Loss—A Love Story

Post by Volunteer Paige

It is painful, this love thing. Sharp, caustic, present pain.

My little sea star. You were beautiful, smart, REALLY SMART. And cute. But afraid. Those genes those horrible people put together, did not give you the tools to face the real world. Worse—those genes, combined by those criminals, did not create the pit bull representation so loved by so many, for so long.

I loved you. I still love you, long after you departed this world. You are now safe from those who may have abused you physically, and absolutely safe from those who wish you ill. I hate that you are gone. And yet, as responsible adults, responsible to those you leave behind, we had to part ways.

Why you? Because irresponsible people created you. They put two dogs together to create profit for themselves, knowing you would likely not live to see your second birthday. The outcome they sought was incredible drive, determination to stay with that drive, and nothing else. It did not matter that the smallest breeze, the closing car door, the sky light above or the ground below frightened you into a quivering pile, flat like a pancake. It did not matter that your fear might cause you to defend yourself—in fact that may have been a desired quality to those horrible people. But here is the worst part—these are not the only criminals responsible. There have been generations of criminals destroying your breed in the name of profit, entertainment, and sport.

Our loss, yours and mine, goes on daily. Our loss is so common, it is not even news. Such shame goes to those responsible for this loss, which you and I experienced! Where are they—those responsible, to bear this shame? The silence that answers that question, is deafening. We clean up their mess, keeping the few healthy survivors we can, healing the sick if possible, and loving them all, especially the ones who are not equipped for this world. The volume, of our loss, is staggering. Why, on so many levels, do we let this sorrow, this death, this loss, happen?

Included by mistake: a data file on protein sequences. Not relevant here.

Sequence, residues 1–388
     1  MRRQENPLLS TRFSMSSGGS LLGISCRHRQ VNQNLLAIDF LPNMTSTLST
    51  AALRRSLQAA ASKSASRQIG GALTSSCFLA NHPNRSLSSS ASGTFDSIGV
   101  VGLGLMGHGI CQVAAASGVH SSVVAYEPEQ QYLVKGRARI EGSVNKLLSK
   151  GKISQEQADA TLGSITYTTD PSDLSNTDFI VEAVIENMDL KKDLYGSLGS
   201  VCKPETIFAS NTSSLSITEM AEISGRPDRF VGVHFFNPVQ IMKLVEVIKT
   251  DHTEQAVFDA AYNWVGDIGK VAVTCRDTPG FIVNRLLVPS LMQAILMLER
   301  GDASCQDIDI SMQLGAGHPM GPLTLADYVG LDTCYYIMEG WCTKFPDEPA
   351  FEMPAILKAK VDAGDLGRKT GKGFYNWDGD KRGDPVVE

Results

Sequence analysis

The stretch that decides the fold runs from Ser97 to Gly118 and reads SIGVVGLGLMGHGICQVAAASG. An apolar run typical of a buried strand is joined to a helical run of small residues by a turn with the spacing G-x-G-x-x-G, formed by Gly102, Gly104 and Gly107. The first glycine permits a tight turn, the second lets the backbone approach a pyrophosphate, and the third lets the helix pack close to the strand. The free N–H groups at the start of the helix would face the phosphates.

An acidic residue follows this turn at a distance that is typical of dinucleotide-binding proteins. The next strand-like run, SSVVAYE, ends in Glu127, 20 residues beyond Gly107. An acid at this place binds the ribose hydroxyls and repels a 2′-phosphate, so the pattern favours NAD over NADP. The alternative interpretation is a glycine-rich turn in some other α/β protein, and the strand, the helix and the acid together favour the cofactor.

The answer, my dear departed, is love. Those of us in rescue, applying the bandages to the survivors--we loved you enough to let you go. We love all that you represent, all that you might have been, and all that you will never be. I rest on the strength and passion and bravery of those who championed your cause, to free you of the chains, the fights, and the death that surrounded you. I champion them, because I am too soft to get out there and do that work myself. I am too scared to see with my own eyes the way you lived, the human companions you had, and the stench that comes with abuse and neglect. I am too scared to live with that vision of your former life, for the rest of my life. Instead, I wait for those like you, on this safe end of the rescue progression, hoping to demonstrate a better side of humanity, to you. It is love for all those who do not make it, as well as love for the very few who do, that keeps us doing what we can, for you.

I cherish the memories I have of our time together. You made me laugh! Out loud, from the gut, giggling that turned into hiccupping laughter. We had such fun together, in between your darker moments. In deference to you, I hold on to the hilarity, the fun we experienced. I would like to think we made a good pair—you timid, me encouraging. You rambunctious, me refereeing. You shivering, me warming. I had hopes of watching you living out your days, living up to our high expectations of your active little mind. I look forward to seeing you again, at the Rainbow Bridge. You wagging, me crying.

I miss you. I will always miss you.


5 thoughts on “Loss—A Love Story

  1. Marina Reede

    what a touching piece. thank you for writing it, for letting us feel what it’s like to love one of these beautiful creatures. i, too, experienced loss of a beautiful pit of a soul. you’re inspiring me to write about Little Guy. 🙂 check my blog soon… thanks again for sharing. signing off (with tears!). namaste.

  2. Megan

    Totally bawling…so sorry for your loss. speechless. You are such wonderful, brave, and courageous people…

  3. Michelle

    When rescue demands that tough decisions be made and requires that people do things that no one wants to do, we remember the big picture of what we’re doing. And during those times we adjust the definition of what a happy ending really is…. And we let them go because we know that the next world will be so much better for her than this world ever was.
    She lived and loved the now she had with you. And she waits for you in that place where all the best dogs go.

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